What is political leadership? Simple as this question seems, it is one that the current crop of political leaders are unlikely to answer convincingly. What does it actually mean to lead? How do you practically do it?
Paul Keating had an answer. Love him or loathe him, he had a vision of leadership that he relentlessly pursued. This is the subject of Troy Bramston’s recent biography, Paul Keating: The Big-Picture Leader. Simultaneously a narrative of Keating’s life and an exploration of leadership, it is a welcome contribution that utilises recent history and a biographical frame to consider the meaning of leadership.
Bramston is the first biographer of Keating to receive his blessing and co-operation. The former Prime Minister did agree to a series of interviews with Kerry O’Brien for the ABC that were later published, but has been obstinate in his refusals to work with others. Direct access to Keating and his records was clearly a burden as well as a benefit for Bramston.
There is a telling moment late in the book when Bramston refers to Keating’s falling-out with former speechwriter Don Watson, after the latter’s account of Keating’s office Recollections of a Bleeding Heart. Listening to Keating’s evisceration of Watson was, Bramston relates, ‘enough to make any prospective biographer tremble with fear.’ He need not worry – there is little here to stoke Keating’s ire.
Bramston sticks to Keating’s own narrative from his ABC interviews, and the former prime minister’s reflections are often presented as the last word on contentious issues. Bramston frequently draws attention to his privileged status as an interviewer of Keating, gleefully relating this intimate connection in a manner that raises questions as to his distance from his subject rather than indicating a form of knowledge that only he can provide.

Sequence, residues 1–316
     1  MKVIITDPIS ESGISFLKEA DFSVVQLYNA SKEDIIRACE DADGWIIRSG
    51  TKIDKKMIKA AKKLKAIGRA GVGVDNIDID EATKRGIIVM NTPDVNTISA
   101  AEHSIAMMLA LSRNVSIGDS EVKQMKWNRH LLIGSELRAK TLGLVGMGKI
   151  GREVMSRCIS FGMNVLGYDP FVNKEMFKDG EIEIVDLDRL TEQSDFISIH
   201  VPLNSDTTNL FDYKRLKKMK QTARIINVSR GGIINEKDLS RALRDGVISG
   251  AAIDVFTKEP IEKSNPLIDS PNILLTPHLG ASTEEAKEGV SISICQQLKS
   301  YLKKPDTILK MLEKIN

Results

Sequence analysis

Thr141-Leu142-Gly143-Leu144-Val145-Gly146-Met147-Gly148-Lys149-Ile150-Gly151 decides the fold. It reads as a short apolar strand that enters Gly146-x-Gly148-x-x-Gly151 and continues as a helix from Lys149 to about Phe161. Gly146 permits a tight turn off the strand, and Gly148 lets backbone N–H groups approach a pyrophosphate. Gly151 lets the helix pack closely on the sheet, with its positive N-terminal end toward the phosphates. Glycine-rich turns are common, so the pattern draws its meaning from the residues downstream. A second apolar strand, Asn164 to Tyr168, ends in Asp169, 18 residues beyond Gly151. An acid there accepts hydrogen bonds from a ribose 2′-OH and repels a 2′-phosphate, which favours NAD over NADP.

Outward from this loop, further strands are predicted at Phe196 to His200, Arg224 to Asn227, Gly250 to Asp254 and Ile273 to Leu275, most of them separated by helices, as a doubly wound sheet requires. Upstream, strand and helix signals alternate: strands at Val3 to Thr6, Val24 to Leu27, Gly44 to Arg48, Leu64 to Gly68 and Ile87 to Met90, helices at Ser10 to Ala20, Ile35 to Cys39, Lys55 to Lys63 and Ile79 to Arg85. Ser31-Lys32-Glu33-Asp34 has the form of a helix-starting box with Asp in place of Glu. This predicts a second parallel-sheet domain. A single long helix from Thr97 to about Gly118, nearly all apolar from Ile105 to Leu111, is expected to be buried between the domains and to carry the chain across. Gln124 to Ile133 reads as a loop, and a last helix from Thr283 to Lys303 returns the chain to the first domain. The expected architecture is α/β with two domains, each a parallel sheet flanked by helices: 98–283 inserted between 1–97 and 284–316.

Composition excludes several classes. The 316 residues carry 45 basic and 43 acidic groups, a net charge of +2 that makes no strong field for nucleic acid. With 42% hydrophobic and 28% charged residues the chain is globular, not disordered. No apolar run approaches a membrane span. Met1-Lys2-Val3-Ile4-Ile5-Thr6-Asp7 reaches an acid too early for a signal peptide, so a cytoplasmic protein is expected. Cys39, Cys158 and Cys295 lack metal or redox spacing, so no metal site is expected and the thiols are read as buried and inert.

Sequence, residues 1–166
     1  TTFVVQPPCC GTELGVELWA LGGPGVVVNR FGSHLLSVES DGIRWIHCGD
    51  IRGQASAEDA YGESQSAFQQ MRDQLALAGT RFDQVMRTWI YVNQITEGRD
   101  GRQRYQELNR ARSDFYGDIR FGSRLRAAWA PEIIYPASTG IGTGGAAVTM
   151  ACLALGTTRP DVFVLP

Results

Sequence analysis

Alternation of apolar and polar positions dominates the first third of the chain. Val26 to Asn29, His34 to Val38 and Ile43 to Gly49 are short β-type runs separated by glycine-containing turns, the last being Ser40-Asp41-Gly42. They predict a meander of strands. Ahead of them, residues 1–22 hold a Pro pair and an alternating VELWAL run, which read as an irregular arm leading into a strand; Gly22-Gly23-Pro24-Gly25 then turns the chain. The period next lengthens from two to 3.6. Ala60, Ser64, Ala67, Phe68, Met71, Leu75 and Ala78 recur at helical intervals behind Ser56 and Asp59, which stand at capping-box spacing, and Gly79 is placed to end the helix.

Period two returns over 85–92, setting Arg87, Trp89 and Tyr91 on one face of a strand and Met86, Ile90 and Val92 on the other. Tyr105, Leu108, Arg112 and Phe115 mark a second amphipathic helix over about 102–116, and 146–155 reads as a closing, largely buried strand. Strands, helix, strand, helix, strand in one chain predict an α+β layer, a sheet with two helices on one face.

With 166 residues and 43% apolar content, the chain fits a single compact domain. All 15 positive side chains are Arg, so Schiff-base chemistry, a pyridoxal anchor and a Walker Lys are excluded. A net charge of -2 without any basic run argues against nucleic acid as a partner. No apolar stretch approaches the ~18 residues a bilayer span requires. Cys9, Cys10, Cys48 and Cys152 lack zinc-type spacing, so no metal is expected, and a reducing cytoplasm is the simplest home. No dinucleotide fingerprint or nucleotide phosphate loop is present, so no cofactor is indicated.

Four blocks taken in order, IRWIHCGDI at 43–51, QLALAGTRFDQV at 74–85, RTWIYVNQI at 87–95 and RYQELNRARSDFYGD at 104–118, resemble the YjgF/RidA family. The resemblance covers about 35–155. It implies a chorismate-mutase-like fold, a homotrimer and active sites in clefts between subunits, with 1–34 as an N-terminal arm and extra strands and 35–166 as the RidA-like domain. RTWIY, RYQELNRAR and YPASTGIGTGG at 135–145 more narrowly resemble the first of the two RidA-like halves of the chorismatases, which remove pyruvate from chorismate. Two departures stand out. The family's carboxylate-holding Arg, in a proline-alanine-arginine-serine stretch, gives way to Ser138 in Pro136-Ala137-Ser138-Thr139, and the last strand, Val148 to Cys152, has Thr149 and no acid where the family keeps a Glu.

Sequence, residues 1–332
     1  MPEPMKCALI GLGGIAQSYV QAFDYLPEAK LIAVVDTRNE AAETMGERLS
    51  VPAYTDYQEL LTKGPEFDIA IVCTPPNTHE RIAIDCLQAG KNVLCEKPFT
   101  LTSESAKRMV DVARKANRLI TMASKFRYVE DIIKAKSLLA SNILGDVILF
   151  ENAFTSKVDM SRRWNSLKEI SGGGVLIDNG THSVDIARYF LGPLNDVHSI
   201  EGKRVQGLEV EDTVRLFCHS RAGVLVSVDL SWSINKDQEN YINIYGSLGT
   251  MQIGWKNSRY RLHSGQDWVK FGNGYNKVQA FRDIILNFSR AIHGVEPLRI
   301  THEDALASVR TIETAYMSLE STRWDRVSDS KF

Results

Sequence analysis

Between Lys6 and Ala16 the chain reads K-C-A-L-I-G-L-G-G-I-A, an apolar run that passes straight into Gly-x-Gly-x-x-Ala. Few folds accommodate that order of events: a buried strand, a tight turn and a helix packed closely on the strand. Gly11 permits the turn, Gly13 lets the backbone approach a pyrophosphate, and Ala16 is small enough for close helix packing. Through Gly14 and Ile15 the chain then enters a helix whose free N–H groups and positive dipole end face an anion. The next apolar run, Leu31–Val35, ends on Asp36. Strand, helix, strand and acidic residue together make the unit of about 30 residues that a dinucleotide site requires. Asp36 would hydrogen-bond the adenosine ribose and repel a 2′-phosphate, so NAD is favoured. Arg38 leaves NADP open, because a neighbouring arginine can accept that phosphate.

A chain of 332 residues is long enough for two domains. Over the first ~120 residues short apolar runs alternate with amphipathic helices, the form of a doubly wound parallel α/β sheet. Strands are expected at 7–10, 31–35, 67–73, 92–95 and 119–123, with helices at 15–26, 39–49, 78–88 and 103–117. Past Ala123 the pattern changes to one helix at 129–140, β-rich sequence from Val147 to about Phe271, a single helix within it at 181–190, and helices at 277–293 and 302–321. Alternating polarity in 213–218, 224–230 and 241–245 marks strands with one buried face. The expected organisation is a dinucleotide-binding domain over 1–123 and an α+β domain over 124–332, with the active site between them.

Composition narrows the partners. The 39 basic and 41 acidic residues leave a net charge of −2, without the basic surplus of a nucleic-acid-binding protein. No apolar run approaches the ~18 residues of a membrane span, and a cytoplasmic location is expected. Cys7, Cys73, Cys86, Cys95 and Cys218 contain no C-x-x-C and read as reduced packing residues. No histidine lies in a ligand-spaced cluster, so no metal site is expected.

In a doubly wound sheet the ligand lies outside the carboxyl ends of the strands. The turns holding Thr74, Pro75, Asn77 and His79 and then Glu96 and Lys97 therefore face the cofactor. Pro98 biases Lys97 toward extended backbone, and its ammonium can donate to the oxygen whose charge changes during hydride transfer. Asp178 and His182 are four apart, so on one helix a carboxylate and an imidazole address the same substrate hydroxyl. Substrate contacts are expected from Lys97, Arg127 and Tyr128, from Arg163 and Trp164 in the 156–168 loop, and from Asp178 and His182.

It is powerfully argued that political leadership requires painting on a large canvas, and a commitment to a future beyond the next election.
But this book posits itself as an exploration of leadership, and it is on this that it should be judged. Bramston closely mirrors Keating’s argument as to the nature of leadership, and is particularly positive towards the prime ministerial years of 1991 to 1996. In this period, he argues, Keating’s ‘Big Picture’, defined by the three tenets of Aboriginal rights, Asian engagement, and the Republic, can best be identified. It is notable that despite arguing Keating’s economic record as PM has been underappreciated, Bramston does not include it as a core tenet.
There are positives to this discussion, and it is powerfully argued that political leadership requires painting on a large canvas, and a commitment to a future beyond the next election. Politics and the exigencies of maintaining power is important, but this is built upon good policy: if you educate the electorate and offer them a convincing explanation of where you are going, they will go with you. But there is something shallow in Bramston’s discussion of what led Keating to show this sort of leadership, and how he did it. It would seem that Keating was able to be this sort of leader, well, because he was.
This presentation contrasts with that of another biographer, Robert Caro, who has spent the past four decades writing his series on President Lyndon Johnson. Bramston invokes Caro’s famous argument: ‘Power reveals’ in his introduction. Ultimately, politics and leadership are all about power: having power, and doing something with it. The strength of Caro’s work is he contextualises Johnson’s pursuit of power – and rare genius with its utilisation – with a detailed analysis of the institutions of power through which it was deployed. He does not just tell the reader what Johnson did, he explains how he did it. Caro tries, as much as possible, to put the reader in the room with Johnson.
Large swathes of this text tell you what Keating did, but rarely how.